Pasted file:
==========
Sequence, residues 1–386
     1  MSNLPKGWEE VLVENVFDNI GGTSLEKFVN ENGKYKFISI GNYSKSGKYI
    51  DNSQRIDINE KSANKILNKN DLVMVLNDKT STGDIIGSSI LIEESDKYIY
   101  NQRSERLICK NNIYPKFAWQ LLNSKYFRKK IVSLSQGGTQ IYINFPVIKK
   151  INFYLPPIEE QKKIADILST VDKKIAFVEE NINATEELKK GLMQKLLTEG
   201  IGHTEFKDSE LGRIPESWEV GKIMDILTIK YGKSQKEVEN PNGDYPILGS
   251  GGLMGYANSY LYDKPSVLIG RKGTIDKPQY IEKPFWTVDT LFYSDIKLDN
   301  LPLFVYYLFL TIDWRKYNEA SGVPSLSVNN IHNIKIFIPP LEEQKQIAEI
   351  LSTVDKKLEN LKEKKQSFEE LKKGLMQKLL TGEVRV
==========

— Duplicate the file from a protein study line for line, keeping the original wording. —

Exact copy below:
Sequence, residues 1–386
     1  MSNLPKGWEE VLVENVFDNI GGTSLEKFVN ENGKYKFISI GNYSKSGKYI
    51  DNSQRIDINE KSANKILNKN DLVMVLNDKT STGDIIGSSI LIEESDKYIY
   101  NQRSERLICK NNIYPKFAWQ LLNSKYFRKK IVSLSQGGTQ IYINFPVIKK
   151  INFYLPPIEE QKKIADILST VDKKIAFVEE NINATEELKK GLMQKLLTEG
   201  IGHTEFKDSE LGRIPESWEV GKIMDILTIK YGKSQKEVEN PNGDYPILGS
   251  GGLMGYANSY LYDKPSVLIG RKGTIDKPQY IEKPFWTVDT LFYSDIKLDN
   301  LPLFVYYLFL TIDWRKYNEA SGVPSLSVNN IHNIKIFIPP LEEQKQIAEI
   351  LSTVDKKLEN LKEKKQSFEE LKKGLMQKLL TGEVRV